The MGM Table Lamp was designed by ‘radical’ Italian designer Lapo Binazzi and manufactured from 1960 to 1969. The MGM name comes from the lamp’s resemblance to the iconic Movie Studio Logo.
MGM Table Lamp (Far Fight) shown here with Binazzi’s Scarica Elettrica and Dollaro Table Lamps
I spotted this piece way back in May of this year during NYCxDesign at R & Company, a gallery at 64 White Street. The extremely beautiful Pink Enamel-finish lamp is now quite a collector’s item that can sell for as much as $14,000!
I saw this fabulous Pink Metallic Mesh Dress in a shop on Greene Street in SoHo when I was party-hopping during the Open Showrooms evening that closes out the two-week long NYCxDesign event.
Here’s a detail shot of the mesh that I managed to get, even though at this point I was already too tipsy to remember to note the name of the store I was in. Oops.
The camera roll on my phone tells me that pictures of the dress were taken at 31 1/2 Greene Street, but I looked up that address and I am pretty sure it was south of that exact location. It sure is a great-looking dress. I would wear it.
Update 10/19/19: The store is called The Webster and it’s located at 29 Greene Street!
Every Spring, NYCxDesign runs for two weeks leading up to the ICFF (International Contemporary Furniture Fair), but the Saturday evening prior to the kick off of ICFF is a festive night of open showrooms down in SoHo. Anyone who’s been to Open Showrooms knows that it means one thing; parties, and one of the best parties is hosted by Italian lighting designers Foscarini, which is where I like to start my evening. This year, I was completely smitten by Foscarini’s Orbital Floor Lamp, by architect and designer Ferruccio Laviani. The Orbital lamp pairs mid-century modern shapes with soft illumination to create a playful lamp for bold, contemporary interiors.
The Orbital Floor Lamp, a 1992 design by Laviani, features five glass shapes with large screw details. The glass shapes are individually backlit. Constructed of polished metal and silk screen-printed glass, the Orbital makes a timeless statement. Shown here in a multicolored lacquered finish, it is also available in white.
The Orbital Floor Lamp has a price point of $2,026.00 and is available online through a variety of outlets, or at any Foscarini Store globally.
Immersive Reverse Room Installation at Foscarini Showroom Featuring The Light Bulb Series (All Photos By Gail)
NYCxDESIGN is New York City’s annual showcase of all things Design-related! Must-attend events include a Saturday evening (May 19th) filled with parties hosted by dozens of SoHo showrooms, where you can get caught up on all the latest trends in furniture and lighting while eating and drinking yourself into a stupor. It’s all kinds of crazy fun. We saw a ton of cool stuff this year, but I think we had the best time at one of the evening’s early stops, the showroom of Italian Lighting experts, Foscarini, which is located on Greene Street right in the center of all the hot design action!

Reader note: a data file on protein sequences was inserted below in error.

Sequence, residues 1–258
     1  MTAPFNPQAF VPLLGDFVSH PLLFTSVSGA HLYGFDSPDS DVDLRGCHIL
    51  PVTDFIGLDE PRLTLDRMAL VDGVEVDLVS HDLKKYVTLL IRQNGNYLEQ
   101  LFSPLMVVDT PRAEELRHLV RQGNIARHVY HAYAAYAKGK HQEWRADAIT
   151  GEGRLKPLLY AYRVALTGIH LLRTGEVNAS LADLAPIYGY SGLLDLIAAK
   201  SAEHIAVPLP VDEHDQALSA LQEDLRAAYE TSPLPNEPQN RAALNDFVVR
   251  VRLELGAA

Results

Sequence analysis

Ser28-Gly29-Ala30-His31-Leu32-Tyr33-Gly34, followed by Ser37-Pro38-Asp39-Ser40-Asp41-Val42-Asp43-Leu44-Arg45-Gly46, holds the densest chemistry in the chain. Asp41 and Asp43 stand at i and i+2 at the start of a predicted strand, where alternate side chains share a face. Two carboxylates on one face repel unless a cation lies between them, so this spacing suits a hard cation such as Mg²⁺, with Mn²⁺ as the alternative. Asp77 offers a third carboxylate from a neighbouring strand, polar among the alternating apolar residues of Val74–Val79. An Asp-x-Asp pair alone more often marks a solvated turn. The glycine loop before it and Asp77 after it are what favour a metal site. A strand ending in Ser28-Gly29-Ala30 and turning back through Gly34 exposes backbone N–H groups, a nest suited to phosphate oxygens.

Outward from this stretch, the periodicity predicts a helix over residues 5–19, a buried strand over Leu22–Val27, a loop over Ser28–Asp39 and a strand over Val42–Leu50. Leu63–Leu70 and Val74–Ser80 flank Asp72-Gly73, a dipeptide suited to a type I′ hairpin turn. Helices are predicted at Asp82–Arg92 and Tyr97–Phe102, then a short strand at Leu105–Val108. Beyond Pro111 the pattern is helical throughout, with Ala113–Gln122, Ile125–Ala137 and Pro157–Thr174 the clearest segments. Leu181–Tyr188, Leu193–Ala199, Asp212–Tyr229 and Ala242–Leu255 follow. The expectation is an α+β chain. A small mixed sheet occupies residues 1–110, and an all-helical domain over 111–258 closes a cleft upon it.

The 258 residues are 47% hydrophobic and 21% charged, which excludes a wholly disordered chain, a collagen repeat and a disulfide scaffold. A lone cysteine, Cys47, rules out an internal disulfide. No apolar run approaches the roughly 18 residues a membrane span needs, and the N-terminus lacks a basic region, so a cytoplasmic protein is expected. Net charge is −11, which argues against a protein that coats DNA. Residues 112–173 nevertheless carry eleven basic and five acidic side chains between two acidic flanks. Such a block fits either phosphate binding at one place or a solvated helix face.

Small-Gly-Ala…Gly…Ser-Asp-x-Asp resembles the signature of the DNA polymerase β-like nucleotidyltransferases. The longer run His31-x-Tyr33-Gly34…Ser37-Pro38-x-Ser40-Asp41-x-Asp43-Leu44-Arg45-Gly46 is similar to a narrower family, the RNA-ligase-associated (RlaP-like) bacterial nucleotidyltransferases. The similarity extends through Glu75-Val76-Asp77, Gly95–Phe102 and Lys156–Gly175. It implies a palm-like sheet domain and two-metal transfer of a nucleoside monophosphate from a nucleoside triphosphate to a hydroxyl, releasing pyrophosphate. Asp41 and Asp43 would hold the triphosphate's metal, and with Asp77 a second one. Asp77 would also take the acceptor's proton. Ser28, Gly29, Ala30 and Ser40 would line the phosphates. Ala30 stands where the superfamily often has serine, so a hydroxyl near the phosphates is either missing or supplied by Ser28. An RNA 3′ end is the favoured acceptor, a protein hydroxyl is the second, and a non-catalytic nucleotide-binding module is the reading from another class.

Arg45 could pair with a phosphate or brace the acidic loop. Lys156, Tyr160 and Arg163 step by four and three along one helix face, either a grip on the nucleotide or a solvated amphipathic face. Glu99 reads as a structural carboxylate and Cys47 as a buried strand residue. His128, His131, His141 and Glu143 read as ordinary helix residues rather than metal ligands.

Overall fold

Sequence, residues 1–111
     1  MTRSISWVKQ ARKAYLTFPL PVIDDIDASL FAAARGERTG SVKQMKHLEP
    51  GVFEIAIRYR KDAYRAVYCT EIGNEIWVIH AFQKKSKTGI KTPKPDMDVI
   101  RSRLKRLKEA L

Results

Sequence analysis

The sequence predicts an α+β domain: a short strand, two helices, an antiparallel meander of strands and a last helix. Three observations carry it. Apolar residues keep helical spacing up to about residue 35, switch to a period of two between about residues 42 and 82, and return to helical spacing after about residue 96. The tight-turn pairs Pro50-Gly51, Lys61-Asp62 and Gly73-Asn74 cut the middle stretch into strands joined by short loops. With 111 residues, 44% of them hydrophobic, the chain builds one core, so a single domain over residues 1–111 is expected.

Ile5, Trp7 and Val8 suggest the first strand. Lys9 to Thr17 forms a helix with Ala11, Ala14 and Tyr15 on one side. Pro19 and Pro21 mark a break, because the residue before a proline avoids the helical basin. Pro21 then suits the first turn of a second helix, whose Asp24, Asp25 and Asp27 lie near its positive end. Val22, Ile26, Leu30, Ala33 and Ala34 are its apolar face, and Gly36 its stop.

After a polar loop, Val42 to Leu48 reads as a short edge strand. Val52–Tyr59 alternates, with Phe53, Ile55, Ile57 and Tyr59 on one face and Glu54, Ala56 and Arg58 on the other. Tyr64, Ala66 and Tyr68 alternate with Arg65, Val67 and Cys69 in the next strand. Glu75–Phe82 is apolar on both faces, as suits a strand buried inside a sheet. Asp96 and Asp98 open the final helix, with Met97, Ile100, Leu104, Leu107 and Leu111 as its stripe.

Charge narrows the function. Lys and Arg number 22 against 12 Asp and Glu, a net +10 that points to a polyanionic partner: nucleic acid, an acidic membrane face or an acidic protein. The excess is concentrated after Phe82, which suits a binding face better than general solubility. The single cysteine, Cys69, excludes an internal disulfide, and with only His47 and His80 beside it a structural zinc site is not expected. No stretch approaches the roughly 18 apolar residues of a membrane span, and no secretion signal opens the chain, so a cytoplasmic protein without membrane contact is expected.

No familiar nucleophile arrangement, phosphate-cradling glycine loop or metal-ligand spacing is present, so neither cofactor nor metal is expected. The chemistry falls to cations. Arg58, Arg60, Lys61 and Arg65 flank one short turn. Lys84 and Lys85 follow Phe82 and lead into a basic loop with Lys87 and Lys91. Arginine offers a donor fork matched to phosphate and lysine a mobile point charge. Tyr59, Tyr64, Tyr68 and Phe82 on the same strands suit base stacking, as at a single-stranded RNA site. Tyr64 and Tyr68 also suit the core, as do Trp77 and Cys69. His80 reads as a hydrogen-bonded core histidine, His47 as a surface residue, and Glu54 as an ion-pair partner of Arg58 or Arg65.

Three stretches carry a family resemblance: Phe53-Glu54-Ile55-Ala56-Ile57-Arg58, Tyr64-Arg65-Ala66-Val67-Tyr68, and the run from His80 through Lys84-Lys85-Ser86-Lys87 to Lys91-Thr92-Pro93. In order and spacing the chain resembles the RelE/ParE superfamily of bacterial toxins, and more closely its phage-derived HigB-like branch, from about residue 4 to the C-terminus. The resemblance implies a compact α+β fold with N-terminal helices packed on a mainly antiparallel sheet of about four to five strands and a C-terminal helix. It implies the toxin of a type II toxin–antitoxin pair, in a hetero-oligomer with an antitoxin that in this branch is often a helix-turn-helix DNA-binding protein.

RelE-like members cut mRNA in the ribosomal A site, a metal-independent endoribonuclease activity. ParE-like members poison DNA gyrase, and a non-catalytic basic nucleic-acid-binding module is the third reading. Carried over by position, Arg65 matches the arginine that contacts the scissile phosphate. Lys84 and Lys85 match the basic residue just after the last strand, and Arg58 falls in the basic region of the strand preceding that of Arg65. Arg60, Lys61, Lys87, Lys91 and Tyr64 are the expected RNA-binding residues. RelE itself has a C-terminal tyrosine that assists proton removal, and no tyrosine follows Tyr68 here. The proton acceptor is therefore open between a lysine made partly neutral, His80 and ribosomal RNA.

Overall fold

On this evening, Foscarini were celebrating the launch of The Light Bulb Series, by Architect/Designer James Wines in association with SITE— the architecture and environmental arts studio that he founded in New York City in 1970.
The Light Bulb Series on Display in the Foscarini Showroom
The Light Bulb Series is a designer art-house collection consisting of a limited and numbered edition of pieces – based on a reflection of the light bulb as an archetype, with its typical bulb-like shape, produced in a series of surprising provocations, as follows:
James Wines translates this reflection with explorations that revolve around the principal themes that have always guided his architectural research. These are inversion, dissolution, nature, all those statuses of “architectural flaw” which make it possible to rethink reality, giving it shape and then at the same time breaking down its boundaries. Wines’s light bulbs are in turn melted, broken, inverted, turned black, and invaded by nature. A propensity towards experimentation, doing better but also doing differently, which has always animated Foscarini as well.
The focal point of the party however was Wine’s Reverse Room installation, which he designed together with his daughter Suzan Wines, both of whom were in attendance for the evening.
The endlessly Instagrammable Reverse Room was devised to emphasise the surreal quality of these experimentations: in a dark-walled room, upside down and slanted, with monochrome tables and chairs, the table lamps blink down from the ceiling, whereas the suspension lamps peep out from the floor.
It is an invitation to think of a world, of design, and therefore of what is possible, where it is always imaginable to shed light differently.
Visit Foscarini’s website at This Link for more information on The light Bulb Series and other Foscarini Lighting Designs!
It had been raining in Manhattan for three days straight when we got a slight reprieve on Saturday evening. As I exited the subway at the corner of Spring and Lafayette Streets in Soho, I could not miss this rather oversized Bright Pink Shopping Bag, which had been discarded on the sidewalk, irresponsibly short of the garbage bin. No one likes a Litterbug.
Big Pink Shopping Bag, Detail
Mostly, looking at this impossibly compelling bag made me want to locate the Great Buy! 99 Cent store, and do some bargain shopping. Instead, I carried on to my evening’s destination of various NYCxDesign Parties, where I had a ton of fun and got drunk for free!
Note: It has come to my attention that this bag came from an Arizona Iced Tea Promotional Pop Up Shop, which was happening on Nearby Crosby Street from May 16th to May 21st.